Presentation on theme: "Drinking Water Treatment – Chapter 25 Class Objectives Be able to define the possible components of a water treatment train and their functions Be able."— Presentation transcript:
Drinking Water Treatment – Chapter 25 Class Objectives Be able to define the possible components of a water treatment train and their functions Be able to differentiate between rapid and slow filtration Identify the components of a water treatment train that are best for a virus. A protozoa. List the possible detrimental effects of microbial biofilms in water distribution systems Differentiate between dissolved organic carbon and assimable organic carbon Describe the AOC test
Where does drinking water come from? Rivers Streams Lakes Aquifers Drinking water treatment processes Water treatment processes provide barriers between the consumer and waterborne disease One or more of these treatment processes is called a treatment process train
Typical Water Treatment Process Trains Chlorination Filtration (sand or coal) In-Line Filtration involves a coagulation step (additive that allows aggregation of suspended solids, e.g., alum, ferric sulfate, and ferric chloride, polyelectrolytes) Direct Filtration involves a flocculation step where the water is gently stirred to increase particle collision thereby forming larger particles Conventional Treatment involves a sedimentation step which is the gravitational settling of suspended particles
Filtration Processes Used Rapid filtration –used in United States –fast filtration rates through media (sand or anthracite) –backwashing needed Slow sand filtration –common in United Kingdom and Europe –slow filtration rates through media (sand and gravel) –removal of biological layer needed –higher removal rates for all microorganisms
Giardia and Cryptosporidium –filtration is best large size resistant cyst and oocyst Enteric viruses –disinfection is ultimate barrier –filtration and coagulation also help via adsorption to particles dependent on surface charge of virus Removal efficiency is dependent on microbial type:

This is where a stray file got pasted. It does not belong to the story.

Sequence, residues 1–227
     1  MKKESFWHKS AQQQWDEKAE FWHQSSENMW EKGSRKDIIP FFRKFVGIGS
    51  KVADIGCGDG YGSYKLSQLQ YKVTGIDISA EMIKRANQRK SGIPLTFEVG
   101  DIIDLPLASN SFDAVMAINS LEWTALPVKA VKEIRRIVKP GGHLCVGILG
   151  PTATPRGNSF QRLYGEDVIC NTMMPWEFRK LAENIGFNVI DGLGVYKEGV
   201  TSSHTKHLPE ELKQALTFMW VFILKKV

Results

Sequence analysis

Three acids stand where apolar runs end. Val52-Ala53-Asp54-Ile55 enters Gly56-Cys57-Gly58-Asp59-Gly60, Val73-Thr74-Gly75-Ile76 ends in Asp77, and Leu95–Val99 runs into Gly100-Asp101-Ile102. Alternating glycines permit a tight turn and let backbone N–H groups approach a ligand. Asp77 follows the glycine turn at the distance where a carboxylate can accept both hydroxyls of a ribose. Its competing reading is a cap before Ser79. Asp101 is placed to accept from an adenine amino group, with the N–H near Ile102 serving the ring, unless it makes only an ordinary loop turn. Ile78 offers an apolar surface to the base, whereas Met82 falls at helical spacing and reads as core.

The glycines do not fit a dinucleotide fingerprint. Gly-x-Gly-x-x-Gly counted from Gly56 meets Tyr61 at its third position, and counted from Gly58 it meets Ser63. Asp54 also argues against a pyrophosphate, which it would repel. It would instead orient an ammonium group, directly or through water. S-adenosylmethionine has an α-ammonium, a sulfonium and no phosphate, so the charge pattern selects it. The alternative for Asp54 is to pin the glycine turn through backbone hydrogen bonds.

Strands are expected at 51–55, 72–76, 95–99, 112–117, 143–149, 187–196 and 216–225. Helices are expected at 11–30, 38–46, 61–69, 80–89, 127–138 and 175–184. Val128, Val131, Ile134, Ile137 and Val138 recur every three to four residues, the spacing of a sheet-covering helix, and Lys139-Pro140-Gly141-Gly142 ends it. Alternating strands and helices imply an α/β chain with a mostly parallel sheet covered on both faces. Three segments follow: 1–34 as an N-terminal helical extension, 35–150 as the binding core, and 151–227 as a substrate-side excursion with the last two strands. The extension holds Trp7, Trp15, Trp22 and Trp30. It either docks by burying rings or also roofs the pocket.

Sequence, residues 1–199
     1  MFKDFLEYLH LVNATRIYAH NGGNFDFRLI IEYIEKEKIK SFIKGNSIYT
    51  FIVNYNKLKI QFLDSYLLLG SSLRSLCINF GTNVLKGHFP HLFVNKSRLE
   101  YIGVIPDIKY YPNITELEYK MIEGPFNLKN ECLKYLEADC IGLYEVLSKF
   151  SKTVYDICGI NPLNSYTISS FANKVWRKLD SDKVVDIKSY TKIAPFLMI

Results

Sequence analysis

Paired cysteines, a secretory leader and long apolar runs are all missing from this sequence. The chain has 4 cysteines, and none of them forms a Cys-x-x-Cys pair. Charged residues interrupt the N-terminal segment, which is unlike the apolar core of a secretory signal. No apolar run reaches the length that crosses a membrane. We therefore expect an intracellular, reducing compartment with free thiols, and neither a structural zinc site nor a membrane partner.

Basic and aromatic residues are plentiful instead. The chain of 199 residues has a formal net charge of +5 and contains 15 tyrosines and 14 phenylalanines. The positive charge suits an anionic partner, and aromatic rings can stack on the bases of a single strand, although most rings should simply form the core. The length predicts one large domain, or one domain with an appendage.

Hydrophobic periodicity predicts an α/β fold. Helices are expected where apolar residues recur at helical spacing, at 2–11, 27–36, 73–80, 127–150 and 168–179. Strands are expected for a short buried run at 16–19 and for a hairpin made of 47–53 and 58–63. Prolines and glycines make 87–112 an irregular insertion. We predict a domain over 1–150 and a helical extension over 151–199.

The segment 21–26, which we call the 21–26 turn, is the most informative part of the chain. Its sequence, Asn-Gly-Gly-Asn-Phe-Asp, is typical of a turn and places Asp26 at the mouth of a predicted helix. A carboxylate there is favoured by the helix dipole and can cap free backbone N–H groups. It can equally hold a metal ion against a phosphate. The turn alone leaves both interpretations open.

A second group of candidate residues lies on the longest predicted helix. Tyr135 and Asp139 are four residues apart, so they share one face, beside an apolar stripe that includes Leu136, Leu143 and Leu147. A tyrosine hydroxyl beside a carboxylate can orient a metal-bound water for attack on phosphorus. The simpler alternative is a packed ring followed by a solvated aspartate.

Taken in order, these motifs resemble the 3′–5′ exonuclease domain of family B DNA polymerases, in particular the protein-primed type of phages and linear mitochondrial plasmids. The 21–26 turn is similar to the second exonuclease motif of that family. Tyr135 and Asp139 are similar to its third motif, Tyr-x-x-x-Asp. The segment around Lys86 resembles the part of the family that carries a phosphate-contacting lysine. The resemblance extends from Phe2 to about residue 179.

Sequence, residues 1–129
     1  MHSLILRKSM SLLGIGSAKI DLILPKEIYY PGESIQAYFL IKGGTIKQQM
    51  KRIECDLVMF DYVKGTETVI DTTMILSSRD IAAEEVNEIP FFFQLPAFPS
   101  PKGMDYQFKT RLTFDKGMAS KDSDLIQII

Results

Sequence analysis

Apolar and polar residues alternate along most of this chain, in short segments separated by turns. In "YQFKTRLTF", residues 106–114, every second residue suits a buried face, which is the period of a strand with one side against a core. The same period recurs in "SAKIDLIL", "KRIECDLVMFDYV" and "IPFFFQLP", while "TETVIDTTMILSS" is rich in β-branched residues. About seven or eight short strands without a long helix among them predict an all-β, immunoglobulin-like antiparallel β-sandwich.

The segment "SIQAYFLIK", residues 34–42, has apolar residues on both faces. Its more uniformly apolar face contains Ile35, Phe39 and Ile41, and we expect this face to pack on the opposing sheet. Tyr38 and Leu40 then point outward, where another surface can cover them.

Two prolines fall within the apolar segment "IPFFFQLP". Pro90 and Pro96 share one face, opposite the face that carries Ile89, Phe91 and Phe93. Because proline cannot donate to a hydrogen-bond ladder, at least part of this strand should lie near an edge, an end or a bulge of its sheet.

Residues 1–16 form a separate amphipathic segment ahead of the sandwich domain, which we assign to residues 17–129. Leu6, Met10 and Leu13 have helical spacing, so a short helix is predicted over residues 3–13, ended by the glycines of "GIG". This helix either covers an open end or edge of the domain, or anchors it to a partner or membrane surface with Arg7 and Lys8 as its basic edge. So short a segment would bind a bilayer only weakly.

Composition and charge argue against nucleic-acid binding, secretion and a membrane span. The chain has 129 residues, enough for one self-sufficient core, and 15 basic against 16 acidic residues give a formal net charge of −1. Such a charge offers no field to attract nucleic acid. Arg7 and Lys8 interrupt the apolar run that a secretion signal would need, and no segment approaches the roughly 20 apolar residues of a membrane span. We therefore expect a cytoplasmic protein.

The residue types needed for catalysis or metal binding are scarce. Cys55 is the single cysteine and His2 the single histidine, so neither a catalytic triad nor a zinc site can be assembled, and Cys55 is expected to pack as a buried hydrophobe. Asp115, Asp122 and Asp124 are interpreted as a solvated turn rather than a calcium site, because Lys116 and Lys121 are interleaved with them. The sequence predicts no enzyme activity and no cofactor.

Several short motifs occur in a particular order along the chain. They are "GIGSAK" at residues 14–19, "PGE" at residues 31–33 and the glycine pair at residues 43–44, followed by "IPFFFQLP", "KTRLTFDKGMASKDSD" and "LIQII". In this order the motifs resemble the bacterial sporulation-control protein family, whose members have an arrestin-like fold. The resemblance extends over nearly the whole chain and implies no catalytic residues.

Water Distribution Systems Treated drinking water may go through miles of pipe to reach a consumer. The quality of the water is impacted by several things: Dissolved organic compounds in finished drinking water is responsible for: enhanced chlorine demand trihalomethane production bacterial colonization of water distribution systems Increases resistance to disinfection, e.g., E. coli is 2400 X more resistant to chlorine when attached to surfaces Increases frictional resistance of fluids Increases taste and odor problems, e.g., H2S production Can result in colored water (iron and manganese oxidizing bacteria) Can cause regrowth of coliform bacteria Can cause growth of pathogenic bacteria, e.g., Legionella
Bacterial growth in distribution systems is influenced by: Concentration of biodegradable organic matter Water temperature Nature of the pipes Disinfectant residual Detention time within distribution system
One way is to determine Assimilable Organic Carbon (AOC) This test is used to determine amount of organic carbon capable of being oxidized by microbes Measurements of bacterial activity in the test sample are determined over time by plate counts, ATP, turbidity, or direct cell counts How do you determine biodegradable organic carbon in a water distribution system?
Performed with a single bacterial species, Spirillum NOX or Pseudomonas fluorescens P-17 A water sample is pasteurized by heat to kill the indigenous microflora and then inoculated with the test bacterium in stationary phase Growth is monitored (7 to 9 days) until stationary phase is reached Growth is determined and compared to standard growth on acetate (AOC concentrations are then reported as acetate-carbon equivalents) AOC can be calculated as follows: AOC (μg carbon/liter) = (N max x 1000)/Y where: Nmax = CFU/ml Y = yield coefficient in CFU/μg carbon When using P. fluorescens strain P-17, Y = 4.1 x 10 6 CFU/μg acetate-carbon Thus, if the final yield of the test organism is 5 x 10 6 CFU/ml after 9 days of incubation: AOC = 5 x 10 6 CFU/ml x 1000 ml/L = 1.22 μg acetate-carbon equivalents/liter 4.1 x 10 6 CFU/μg acetate carbon AOC Test
Comparison of Concentrations of DOC and AOC in Various Water Samples Source of water Dissolved organic carbon (mg carbon/L) Assimilable organic carbon (mg carbon/L) River Lek6.80.062–0.085 River Meuse4.70.118–0.128 Brabantse Diesbosch4.00.08–0.103 Lake Yssel, after open storage5.60.48–0.53 River Lek, after bank filtration1.60.7–1.2 Aerobic groundwater0.3<0.15
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